Sinton is a city in and the county seat of San Patricio County, United States. The population was 5,665 at the 2010 census, it is named in honor of David Sinton. Sinton is located at 28°2′5″N 97°30′32″W. According to the United States Census Bureau, the city has a total area of 2.2 square miles, all land. The climate in this area is characterized by hot, humid summers and mild to cool winters. Sinton has a humid subtropical climate, Cfa according to the Köppen climate classification system; as of the census of 2010, 5,723 people, 1,845 households, 1,409 families resided in the city. The population density was 2,582.0 people per square mile. The 2,026 housing units averaged 921.6 per square mile. The racial makeup of the city was 73.47% White, 3.63% African American, 0.93% Native American, 0.04% Asian, 0.09% Pacific Islander, 18.48% from other races, 3.37% from two or more races. Hispanics of any race were 71.04% of the population. Of the 1,845 households, 39.3% had children under the age of 18 living with them, 50.8% were married couples living together, 18.9% had a female householder with no husband present, 23.6% were not families.
About 21.4% of all households were made up of individuals, 11.5% had someone living alone, 65 years of age or older. The average household size was 2.89 and the average family size was 3.35. In the city, the population was distributed as 30.0% under the age of 18, 10.0% from 18 to 24, 27.2% from 25 to 44, 19.3% from 45 to 64, 13.5% who were 65 years of age or older. The median age was 32 years. For every 100 females, there were 100.6 males. For every 100 females age 18 and over, there were 96.3 males. The median income for a household in the city was $27,911, for a family was $32,266. Males had a median income of $25,331 versus $17,163 for females; the per capita income for the city was $12,881. About 22.4% of families and 28.0% of the population were below the poverty line, including 38.3% of those under age 18 and 21.8% of those age 65 or over. Sinton was established in 1855 as a station on the San Antonio and Aransas Pass Railroad and became the county seat of San Patricio. In 1954 the Welder Wildlife Refuge was established on 7800 acres seven miles north-west of Sinton.
The City of Sinton is served by the Sinton Independent School District. From 1948 to 1958, Sinton was the home to the Plymouth Oilers, a semiprofessional baseball team sponsored by Plymouth Oil Company, which had extensive drilling operations on the Welder Ranch, north of the city; the team hired star college players for the summer and gave them jobs in the field, gas plant, office. Experienced players were hired on a permanent basis. By 1950, the Oilers were playing a 46-game schedule, going 33-13 and placing fourth in the National Baseball Congress national, semipro tournament. In 1951, the Oilers returned to the national championship after winning the state title in Oiler Park before a record crowd of 2,304. At the national tournament in Wichita against the Camp Pickett Red Wings, Oiler pitcher Mike Blyzka turned in a no-hit, no-run game, the second in tournament history; the Oilers defeated Atwater 3–0 to win the national championship, the first Texas team to do so, They returned to nationals in'52,'54,'55,'56, and'57, placing second in'55.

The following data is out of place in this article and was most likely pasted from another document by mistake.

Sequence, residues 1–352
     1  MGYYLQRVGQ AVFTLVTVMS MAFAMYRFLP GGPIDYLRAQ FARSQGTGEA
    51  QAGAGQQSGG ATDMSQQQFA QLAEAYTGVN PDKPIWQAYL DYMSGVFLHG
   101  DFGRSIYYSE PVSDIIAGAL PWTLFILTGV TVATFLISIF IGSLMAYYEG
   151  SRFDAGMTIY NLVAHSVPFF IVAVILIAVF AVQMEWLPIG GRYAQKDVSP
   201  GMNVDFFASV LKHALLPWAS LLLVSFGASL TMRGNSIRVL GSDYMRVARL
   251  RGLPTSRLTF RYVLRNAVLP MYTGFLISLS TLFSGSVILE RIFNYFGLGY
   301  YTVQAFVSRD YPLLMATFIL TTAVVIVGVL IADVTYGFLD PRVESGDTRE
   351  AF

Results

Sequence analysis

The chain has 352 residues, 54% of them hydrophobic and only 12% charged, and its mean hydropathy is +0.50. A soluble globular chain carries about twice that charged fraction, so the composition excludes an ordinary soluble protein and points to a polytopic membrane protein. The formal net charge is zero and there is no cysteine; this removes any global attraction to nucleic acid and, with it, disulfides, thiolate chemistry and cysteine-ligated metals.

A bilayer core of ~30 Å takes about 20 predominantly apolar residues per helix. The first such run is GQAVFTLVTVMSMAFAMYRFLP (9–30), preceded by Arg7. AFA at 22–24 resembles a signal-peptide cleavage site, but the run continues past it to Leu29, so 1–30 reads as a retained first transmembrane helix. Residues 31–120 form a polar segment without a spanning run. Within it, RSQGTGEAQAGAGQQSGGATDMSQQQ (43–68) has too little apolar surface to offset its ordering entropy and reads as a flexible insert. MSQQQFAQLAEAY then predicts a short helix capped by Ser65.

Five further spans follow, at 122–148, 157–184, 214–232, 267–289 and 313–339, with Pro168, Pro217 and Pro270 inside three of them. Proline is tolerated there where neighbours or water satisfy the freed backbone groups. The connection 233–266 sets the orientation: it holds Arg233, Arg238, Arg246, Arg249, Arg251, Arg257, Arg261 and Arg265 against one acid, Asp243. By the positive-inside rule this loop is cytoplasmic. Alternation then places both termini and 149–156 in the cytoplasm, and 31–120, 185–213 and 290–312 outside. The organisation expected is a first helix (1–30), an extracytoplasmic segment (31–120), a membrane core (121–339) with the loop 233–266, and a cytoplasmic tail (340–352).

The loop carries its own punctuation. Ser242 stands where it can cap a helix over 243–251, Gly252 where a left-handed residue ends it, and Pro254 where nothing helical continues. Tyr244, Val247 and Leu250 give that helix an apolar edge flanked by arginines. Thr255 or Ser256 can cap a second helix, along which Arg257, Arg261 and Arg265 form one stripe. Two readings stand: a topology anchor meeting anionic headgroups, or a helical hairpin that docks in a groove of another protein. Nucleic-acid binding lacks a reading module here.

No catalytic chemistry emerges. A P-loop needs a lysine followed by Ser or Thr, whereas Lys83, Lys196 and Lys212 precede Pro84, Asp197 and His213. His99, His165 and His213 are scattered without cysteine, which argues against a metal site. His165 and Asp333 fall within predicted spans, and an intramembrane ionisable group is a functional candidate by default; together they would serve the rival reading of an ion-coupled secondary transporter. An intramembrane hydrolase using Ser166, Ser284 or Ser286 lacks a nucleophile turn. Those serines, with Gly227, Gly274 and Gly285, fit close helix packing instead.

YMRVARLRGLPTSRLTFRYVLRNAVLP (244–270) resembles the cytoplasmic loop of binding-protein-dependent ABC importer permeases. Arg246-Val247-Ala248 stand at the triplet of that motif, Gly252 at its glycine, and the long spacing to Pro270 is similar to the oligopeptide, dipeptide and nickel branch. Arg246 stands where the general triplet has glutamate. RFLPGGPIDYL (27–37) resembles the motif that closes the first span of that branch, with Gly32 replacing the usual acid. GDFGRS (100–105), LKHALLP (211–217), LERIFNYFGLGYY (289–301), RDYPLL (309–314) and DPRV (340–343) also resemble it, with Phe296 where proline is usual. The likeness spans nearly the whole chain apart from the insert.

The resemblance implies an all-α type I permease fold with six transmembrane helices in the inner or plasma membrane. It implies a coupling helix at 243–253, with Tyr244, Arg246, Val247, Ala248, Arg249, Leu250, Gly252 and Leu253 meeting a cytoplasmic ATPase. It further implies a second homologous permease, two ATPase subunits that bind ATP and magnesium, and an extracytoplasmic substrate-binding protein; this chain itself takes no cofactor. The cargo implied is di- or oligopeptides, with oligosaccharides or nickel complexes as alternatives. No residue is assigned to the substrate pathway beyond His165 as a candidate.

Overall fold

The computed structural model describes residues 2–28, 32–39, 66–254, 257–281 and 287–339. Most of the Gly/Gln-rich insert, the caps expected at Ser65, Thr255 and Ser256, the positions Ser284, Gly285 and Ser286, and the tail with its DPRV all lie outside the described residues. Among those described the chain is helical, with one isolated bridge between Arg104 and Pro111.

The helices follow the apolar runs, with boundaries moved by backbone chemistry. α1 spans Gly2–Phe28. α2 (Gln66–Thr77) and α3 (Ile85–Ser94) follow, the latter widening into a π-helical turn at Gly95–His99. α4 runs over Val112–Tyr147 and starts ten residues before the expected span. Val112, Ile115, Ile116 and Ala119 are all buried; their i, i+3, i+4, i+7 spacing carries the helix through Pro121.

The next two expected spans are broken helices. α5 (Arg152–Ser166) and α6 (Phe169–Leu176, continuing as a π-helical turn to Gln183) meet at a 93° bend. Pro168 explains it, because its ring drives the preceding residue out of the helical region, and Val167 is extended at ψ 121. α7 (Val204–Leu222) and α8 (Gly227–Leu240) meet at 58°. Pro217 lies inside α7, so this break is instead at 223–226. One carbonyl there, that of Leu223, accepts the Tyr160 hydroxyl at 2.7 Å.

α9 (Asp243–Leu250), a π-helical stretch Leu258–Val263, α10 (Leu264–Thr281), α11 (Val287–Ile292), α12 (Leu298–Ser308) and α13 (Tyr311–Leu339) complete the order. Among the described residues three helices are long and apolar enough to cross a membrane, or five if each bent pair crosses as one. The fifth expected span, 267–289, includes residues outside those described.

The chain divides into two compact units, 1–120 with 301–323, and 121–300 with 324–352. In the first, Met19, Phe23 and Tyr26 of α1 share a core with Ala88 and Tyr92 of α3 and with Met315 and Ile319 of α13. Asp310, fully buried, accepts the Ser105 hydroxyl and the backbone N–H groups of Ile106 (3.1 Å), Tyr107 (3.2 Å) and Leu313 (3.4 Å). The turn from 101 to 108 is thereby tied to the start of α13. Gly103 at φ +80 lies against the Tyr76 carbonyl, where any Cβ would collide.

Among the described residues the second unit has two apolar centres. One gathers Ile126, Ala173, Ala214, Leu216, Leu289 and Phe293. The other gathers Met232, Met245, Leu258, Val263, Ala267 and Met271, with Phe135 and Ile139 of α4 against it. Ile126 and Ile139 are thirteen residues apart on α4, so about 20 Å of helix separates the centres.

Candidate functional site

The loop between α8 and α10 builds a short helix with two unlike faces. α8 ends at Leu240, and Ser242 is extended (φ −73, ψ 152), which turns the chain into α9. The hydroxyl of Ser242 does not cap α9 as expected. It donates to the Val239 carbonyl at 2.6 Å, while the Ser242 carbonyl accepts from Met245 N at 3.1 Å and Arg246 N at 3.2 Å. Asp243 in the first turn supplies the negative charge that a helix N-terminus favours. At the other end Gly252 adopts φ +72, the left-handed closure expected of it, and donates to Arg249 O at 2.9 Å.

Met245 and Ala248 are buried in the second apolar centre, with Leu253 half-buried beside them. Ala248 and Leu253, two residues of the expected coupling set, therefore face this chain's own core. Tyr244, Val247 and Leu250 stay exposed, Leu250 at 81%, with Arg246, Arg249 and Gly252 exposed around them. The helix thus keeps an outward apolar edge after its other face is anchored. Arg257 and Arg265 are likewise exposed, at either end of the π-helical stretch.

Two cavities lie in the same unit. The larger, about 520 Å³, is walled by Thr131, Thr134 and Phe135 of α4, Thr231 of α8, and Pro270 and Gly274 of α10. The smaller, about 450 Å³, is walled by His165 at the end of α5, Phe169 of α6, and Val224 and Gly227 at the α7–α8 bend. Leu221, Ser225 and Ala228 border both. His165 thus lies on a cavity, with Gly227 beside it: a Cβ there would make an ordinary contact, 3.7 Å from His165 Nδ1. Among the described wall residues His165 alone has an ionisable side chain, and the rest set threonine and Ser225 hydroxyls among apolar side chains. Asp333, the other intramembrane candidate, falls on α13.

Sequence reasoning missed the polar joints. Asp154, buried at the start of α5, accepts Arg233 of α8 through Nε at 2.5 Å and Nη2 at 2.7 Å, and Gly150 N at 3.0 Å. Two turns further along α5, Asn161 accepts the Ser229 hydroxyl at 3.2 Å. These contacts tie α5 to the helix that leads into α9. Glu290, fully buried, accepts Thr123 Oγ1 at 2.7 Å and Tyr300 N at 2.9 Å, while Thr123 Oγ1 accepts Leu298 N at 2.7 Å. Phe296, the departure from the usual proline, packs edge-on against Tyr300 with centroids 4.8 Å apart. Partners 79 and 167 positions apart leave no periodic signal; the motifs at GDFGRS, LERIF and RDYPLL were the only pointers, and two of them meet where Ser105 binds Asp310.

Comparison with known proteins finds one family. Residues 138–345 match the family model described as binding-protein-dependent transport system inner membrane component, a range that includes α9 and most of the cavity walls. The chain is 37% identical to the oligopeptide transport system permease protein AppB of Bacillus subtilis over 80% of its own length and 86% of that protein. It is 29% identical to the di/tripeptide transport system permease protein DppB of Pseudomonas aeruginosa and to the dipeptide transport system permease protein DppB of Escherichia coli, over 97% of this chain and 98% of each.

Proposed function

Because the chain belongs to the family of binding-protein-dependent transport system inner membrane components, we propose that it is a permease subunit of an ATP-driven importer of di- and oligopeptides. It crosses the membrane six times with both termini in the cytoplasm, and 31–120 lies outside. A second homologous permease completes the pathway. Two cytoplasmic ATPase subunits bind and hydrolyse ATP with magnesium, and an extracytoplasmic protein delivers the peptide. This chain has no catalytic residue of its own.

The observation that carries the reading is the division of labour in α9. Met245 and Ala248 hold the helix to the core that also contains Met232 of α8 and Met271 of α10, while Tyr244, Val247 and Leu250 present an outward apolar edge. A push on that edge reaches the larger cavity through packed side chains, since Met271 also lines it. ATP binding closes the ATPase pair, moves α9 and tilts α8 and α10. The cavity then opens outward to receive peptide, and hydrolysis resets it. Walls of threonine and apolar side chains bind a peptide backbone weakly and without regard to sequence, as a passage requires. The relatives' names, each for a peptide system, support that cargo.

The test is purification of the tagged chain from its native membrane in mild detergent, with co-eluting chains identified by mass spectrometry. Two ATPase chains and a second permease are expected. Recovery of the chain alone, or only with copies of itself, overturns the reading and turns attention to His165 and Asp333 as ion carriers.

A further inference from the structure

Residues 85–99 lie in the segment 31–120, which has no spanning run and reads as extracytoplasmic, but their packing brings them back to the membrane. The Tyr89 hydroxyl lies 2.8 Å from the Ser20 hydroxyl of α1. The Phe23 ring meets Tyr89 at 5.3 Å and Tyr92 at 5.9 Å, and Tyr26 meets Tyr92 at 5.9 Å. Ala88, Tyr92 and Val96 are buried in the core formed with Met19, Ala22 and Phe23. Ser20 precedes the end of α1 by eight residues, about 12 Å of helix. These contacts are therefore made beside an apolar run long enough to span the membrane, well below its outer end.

In'57, the National Baseball Congress declared Sinton, the premier city in the nation, per capita, for promoting semipro baseball for nearly a decade. In the spring of 1958, the Plymouth Oil Company, citing economic conditions, ended its support of the Oilers, the team disbanded. Dyhouse, Janie. "Texas Post Honored After'Wild and Crazy' Year". VFW Magazine. Vol. 106 no. 1. Kansas City, Mo.: Veterans of Foreign Wars of the United States. P. 46. ISSN 0161-8598. For its hurricane relief efforts, Sinton's Post 12160 earned VFW's Fred C. Hall Memorial Outstanding Post Special Project Award
United States Census Bureau
The United States Census Bureau is a principal agency of the U. S. Federal Statistical System, responsible for producing data about the American people and economy; the Census Bureau is part of the U. S. Department of Commerce and its director is appointed by the President of the United States; the Census Bureau's primary mission is conducting the U. S. Census every ten years, which allocates the seats of the U. S. House of Representatives to the states based on their population; the Bureau's various censuses and surveys help allocate over $400 billion in federal funds every year and it helps states, local communities, businesses make informed decisions. The information provided by the census informs decisions on where to build and maintain schools, transportation infrastructure, police and fire departments. In addition to the decennial census, the Census Bureau continually conducts dozens of other censuses and surveys, including the American Community Survey, the U. S. Economic Census, the Current Population Survey.
Furthermore and foreign trade indicators released by the federal government contain data produced by the Census Bureau. Article One of the United States Constitution directs the population be enumerated at least once every ten years and the resulting counts used to set the number of members from each state in the House of Representatives and, by extension, in the Electoral College; the Census Bureau now conducts a full population count every 10 years in years ending with a zero and uses the term "decennial" to describe the operation. Between censuses, the Census Bureau makes population projections. In addition, Census data directly affects how more than $400 billion per year in federal and state funding is allocated to communities for neighborhood improvements, public health, education and more; the Census Bureau is mandated with fulfilling these obligations: the collecting of statistics about the nation, its people, economy. The Census Bureau's legal authority is codified in Title 13 of the United States Code.